It’s taken me a while to get round to this one, which was first published about four years ago. But it was inevitable that I would read it sooner or later – there’s something irresistible about a Raymond Chandler style private detective thriller with a very heavy dose of black humour, set in a warped version of 1980s Aberystwyth.
Louie Knight is a traditional down-at-heel private eye of the kind we’ve seen in far too many film noir classics. His town is run by the Druids, who have abandoned the robes in favour of sharp suits, and don’t seem that interested in poetry any more.
Myfanwy Moore, a traditionally no better than she should be nightclub singer asks Louie to investigate the disappearance of her young cousin, Evans the Boot. In the usual way, Louie is reluctant to get involved – Evans was involved with some rather unpleasant people, and Louie would rather not find himself going missing.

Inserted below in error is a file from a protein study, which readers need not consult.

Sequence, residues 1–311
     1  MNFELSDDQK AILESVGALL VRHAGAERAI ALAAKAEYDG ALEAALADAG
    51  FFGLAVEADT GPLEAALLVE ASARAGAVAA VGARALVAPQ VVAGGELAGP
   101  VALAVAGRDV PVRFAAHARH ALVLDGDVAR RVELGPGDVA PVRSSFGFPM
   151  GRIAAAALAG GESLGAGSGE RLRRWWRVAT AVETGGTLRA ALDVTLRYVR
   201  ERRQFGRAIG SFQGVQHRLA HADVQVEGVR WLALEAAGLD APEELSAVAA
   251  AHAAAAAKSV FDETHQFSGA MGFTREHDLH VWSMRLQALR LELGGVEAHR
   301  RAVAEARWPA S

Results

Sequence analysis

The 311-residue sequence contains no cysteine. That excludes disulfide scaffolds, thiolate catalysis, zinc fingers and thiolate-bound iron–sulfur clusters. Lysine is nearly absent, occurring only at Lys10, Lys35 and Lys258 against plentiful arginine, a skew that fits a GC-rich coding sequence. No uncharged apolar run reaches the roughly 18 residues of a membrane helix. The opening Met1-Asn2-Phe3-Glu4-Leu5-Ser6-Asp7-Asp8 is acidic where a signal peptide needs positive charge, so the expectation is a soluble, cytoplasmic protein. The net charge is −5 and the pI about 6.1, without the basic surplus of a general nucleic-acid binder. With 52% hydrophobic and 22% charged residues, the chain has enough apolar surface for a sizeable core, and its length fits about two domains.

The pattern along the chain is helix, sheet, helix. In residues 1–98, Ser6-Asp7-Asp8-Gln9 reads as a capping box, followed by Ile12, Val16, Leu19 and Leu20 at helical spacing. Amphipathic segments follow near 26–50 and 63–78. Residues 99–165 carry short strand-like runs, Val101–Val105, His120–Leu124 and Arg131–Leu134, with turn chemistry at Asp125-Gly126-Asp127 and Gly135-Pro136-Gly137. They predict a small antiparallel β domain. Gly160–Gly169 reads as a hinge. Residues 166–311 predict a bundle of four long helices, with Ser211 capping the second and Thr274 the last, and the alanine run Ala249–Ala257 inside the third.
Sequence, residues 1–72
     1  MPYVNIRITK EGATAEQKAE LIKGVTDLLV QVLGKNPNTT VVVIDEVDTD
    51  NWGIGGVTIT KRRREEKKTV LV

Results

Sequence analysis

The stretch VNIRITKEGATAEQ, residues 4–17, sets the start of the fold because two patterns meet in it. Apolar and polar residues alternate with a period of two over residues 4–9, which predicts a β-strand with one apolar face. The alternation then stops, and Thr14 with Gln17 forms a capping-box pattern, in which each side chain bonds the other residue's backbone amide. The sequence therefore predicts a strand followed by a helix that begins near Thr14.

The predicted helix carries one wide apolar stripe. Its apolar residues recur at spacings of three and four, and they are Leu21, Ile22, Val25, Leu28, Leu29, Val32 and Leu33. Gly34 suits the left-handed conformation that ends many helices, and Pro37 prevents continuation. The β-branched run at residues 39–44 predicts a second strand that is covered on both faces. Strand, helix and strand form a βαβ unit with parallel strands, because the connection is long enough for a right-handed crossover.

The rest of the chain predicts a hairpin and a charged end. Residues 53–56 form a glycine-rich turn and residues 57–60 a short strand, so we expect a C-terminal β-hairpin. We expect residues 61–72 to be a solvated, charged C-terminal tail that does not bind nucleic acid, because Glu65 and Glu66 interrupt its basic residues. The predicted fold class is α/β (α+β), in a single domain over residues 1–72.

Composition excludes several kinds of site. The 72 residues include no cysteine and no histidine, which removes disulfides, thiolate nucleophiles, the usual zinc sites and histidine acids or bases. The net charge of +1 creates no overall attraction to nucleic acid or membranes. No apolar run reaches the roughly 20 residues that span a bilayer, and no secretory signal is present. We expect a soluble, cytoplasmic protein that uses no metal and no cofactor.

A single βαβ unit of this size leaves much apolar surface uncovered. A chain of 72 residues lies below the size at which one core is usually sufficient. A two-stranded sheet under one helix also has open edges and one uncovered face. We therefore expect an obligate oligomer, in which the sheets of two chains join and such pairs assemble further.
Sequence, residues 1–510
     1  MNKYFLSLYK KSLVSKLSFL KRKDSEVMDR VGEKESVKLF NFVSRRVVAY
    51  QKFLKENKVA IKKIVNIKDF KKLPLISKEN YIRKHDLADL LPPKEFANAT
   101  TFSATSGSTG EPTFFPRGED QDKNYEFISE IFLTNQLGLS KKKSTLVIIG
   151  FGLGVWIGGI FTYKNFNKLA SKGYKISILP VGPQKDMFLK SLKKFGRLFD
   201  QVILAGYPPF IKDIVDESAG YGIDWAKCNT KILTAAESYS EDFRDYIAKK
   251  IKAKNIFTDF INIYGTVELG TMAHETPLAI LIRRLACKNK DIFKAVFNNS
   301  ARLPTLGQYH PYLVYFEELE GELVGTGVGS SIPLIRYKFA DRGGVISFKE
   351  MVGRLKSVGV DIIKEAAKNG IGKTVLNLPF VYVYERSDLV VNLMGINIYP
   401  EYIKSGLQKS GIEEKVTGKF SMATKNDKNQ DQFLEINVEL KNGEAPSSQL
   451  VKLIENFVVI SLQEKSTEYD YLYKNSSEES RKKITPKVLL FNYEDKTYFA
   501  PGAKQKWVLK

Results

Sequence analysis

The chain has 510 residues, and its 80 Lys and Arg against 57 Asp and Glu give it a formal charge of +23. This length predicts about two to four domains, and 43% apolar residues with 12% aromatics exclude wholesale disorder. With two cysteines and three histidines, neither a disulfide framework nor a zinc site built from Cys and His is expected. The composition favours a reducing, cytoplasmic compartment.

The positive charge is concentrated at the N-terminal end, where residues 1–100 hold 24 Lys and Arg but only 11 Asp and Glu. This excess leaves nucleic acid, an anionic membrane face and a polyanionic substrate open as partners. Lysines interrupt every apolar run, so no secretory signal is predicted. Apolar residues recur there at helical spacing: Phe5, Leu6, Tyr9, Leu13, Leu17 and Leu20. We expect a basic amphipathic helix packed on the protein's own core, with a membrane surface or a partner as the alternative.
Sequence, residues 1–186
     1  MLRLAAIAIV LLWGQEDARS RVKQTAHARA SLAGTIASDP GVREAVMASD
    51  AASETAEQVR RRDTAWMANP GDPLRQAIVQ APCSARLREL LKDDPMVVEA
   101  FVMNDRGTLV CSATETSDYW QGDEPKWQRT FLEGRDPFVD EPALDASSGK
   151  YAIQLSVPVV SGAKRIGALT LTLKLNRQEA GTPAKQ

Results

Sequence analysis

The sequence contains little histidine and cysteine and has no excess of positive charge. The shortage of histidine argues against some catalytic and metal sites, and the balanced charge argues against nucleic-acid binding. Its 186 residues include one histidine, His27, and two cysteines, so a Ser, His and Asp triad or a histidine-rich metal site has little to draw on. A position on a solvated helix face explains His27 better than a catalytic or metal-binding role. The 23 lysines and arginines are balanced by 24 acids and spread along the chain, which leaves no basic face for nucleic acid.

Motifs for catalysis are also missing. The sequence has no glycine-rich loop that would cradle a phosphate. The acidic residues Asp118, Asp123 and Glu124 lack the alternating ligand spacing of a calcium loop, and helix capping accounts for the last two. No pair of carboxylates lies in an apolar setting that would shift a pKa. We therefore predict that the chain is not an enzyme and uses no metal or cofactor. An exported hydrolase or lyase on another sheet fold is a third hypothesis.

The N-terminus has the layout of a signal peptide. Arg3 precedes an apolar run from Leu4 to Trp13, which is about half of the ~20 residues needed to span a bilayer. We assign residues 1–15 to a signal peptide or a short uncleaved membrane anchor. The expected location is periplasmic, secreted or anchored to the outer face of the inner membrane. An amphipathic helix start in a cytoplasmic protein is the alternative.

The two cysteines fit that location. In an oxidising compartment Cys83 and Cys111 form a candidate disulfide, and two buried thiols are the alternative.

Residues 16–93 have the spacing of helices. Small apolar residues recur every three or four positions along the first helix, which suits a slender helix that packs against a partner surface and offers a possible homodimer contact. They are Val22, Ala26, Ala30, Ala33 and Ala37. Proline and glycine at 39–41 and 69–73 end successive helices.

This has all the usual ingredients, with some slightly unusual variations. Louie’s confidant is an ice-cream seller rather than the usual barkeeper, but the principle is the same. There’s a convoluted conspiracy, with its roots in a war that most people would rather forget, and Louie reluctantly acquires a sidekick.
It’s not perfect – the big pay-off is the identity of the mysterious Gwenno Guevara, which is ever-so-slightly obvious, but apart from that, this is a lot of fun. Some nice weirdness, gratuitous violence, frame-ups, and much much more.
If you like your fiction with an added dose of silliness, you might just enjoy this. Being Welsh isn’t essential, but it probably helps
There are a couple of sequels out, and I’ll be getting hold of them soon – watch out for the reviews!
 Aberystwyth is a seaside town, you know
 And regular readers will have gathered that I do